I want to talk to you for a few minutes about The Little Drummer Boy.
My days off at my new job are Monday and Wednesday. Monday is a hard off; the restaurant is closed, and so, once I finish my morning writing, that day is a wide open, unstructured, free-for-all. Wednesdays are the day I usually go in to the restaurant for a couple of hours to do stuff that I can’t do while I’m actually on the bar. Today included meeting a liquor rep, interviewing a new waiter and discussing inventory. Having that on my mid-afternoon schedule, I’ve turned Wednesday into my grocery shopping, errand running, chore doing day.
When I got back from the grocery store and knew I was going to be in the kitchen for a while, I turned on my Christmas playlist to listen to while I worked. One of the first songs that came up on the rotation was The Little Drummer Boy. Not just any version of it, mind you, but what is quite possibly the strangest duo ever paired together for a song, Christmas or otherwise: Bing Crosby and David Bowie.
Long story short, Crosby was in England and wanted to film a Christmas special, featuring British artists. Bowie agreed to do it, solely because his mother was a fan of Crosby, but almost walked when told he had to sing The Little Drummer Boy, claiming to hate it. Within an hour, the shows producers and writers wrote a counter-melody that Bowie would sing, and after another to rehearse it, the two stars recorded the song.
The bridge that was written has its own name, and the version that they sing is officially called “Peace on Earth/Little Drummer Boy.” Obviously, it’s kind of hard to miss the lyrics Bowie sings, but today I found myself paying more attention to them than I usually do. All of the words resonated, especially those about yearning for a return to times of goodwill, but none more than these:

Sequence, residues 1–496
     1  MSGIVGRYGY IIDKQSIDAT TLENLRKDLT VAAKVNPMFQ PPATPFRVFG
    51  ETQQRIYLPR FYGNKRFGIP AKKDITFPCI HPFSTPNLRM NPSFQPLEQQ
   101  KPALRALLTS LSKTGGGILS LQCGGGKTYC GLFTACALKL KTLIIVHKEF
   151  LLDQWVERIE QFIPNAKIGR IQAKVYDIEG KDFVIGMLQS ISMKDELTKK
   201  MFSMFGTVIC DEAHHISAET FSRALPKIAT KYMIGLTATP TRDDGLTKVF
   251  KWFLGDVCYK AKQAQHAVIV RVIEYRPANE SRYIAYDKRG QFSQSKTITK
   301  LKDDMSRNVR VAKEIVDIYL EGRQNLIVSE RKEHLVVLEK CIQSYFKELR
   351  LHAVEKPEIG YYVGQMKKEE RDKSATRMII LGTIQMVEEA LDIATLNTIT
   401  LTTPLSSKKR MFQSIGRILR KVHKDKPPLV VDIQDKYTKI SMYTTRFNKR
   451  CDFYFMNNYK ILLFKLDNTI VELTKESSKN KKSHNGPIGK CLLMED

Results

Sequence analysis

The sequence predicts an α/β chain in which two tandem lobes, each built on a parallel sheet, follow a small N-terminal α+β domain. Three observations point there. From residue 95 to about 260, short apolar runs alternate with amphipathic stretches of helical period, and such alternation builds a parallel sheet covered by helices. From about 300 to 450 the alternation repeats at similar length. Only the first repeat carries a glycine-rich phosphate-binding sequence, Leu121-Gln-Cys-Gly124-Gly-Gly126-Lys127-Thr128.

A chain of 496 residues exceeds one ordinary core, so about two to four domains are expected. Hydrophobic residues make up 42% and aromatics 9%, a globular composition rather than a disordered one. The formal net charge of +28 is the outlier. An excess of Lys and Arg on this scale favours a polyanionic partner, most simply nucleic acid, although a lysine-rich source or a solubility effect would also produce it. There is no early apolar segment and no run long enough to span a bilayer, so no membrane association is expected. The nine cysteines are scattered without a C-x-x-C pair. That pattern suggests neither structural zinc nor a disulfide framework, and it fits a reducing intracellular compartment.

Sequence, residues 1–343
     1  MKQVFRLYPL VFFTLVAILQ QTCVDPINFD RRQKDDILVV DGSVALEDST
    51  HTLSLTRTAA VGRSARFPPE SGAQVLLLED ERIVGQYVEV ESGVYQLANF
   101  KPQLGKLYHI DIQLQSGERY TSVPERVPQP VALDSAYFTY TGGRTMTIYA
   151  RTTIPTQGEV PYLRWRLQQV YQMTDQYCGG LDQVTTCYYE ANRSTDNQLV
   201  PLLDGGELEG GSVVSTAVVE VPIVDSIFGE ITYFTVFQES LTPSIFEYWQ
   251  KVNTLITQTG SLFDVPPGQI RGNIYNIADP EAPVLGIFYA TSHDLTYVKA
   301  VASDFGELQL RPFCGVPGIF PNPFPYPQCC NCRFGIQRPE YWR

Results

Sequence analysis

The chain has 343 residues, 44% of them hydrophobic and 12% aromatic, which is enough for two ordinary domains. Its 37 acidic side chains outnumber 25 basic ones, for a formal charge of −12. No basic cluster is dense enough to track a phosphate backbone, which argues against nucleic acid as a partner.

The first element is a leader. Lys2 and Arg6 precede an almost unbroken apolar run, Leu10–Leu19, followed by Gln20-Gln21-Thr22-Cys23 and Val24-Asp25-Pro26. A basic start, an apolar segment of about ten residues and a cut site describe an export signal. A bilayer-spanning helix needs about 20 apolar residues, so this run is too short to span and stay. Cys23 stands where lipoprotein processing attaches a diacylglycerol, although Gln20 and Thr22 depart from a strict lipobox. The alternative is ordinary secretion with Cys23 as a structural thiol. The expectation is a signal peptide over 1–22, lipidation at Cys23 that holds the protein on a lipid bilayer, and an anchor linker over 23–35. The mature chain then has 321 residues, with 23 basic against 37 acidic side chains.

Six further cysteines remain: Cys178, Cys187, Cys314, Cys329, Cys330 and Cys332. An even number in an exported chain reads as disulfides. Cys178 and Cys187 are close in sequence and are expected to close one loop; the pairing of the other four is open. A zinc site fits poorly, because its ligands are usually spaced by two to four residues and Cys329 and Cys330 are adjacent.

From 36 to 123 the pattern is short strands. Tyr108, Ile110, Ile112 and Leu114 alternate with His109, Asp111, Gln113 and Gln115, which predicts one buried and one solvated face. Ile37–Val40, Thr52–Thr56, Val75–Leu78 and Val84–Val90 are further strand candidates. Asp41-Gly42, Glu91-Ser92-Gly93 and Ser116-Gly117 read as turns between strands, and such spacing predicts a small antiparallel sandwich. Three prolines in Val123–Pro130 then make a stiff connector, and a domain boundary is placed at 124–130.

“Every child must be made aware/Every child must be made to care/Care enough for his fellow man/To give all the love that he can.”
Not having any kids of my own (that I know about, anyway,) lyrics about kids rarely affect me, but something about today was profoundly different. I know it’s every generation’s right to say that they are living in the strangest, most troubling times, but it’s hard to see the world today – the absolute dumpster fire that is our own government, the menacing growths in foreign countries, the harrowing reports of the destruction of the environment, the economy on the verge of another major collapse – and still remain positive. At some point we find ourselves sitting in the corner and just saying “No mas.” Maybe it’s a reflection of how we feel our own lives are going, and the opportunities we’ve missed and the lives we feel ourselves resigned to. Maybe it’s a sense of aging and mortality, knowing that there isn’t much time left on our balance sheet anymore anyway. Or maybe it is something else that is so personalized, we each have our own tipping point. My guess is that while other things may factor into it, it is an individualized response. That would explain why some people tap out at age 30 and others still lace up the gloves every day at 90.
All that being said, the effect of the words did not bring me down, but gave me hope. It spells out the solution in a very simple, straight-forward way. It tells us to turn to the next generation, and to teach them to learn from our mistakes, but not to follow them, so the sins of their fathers will not be handed down to them. That sounds so simple as to be ineffective, but sometimes it is the simplest things that are the most powerful. So much so, I found myself thinking that maybe it shouldn’t just be a wish for each child to be made aware, but each person. If each child can learn to care for the fellow men and women, what’s stopping us from teaching each other, from learning this ourselves?
I know, lots of things are, including but not limited to institutionalized racism, financial inequality, gender inequality, political beliefs, religious dogma, xenophobia, etc., etc., etc. But here’s the thing about all of that. None of those things are going to change if we ask somebody else to change them for us, if we expect somebody else to pick up the yoke and do the heavy lifting. One of the phrases I’ve heard a lot over the last year and couple of days was that you can’t think your way into right action, but you can act your way into right thinking. And what better season, what better time of year is there than right now to do the next right thing? You’ll never know who might learn from it.
It might even be you.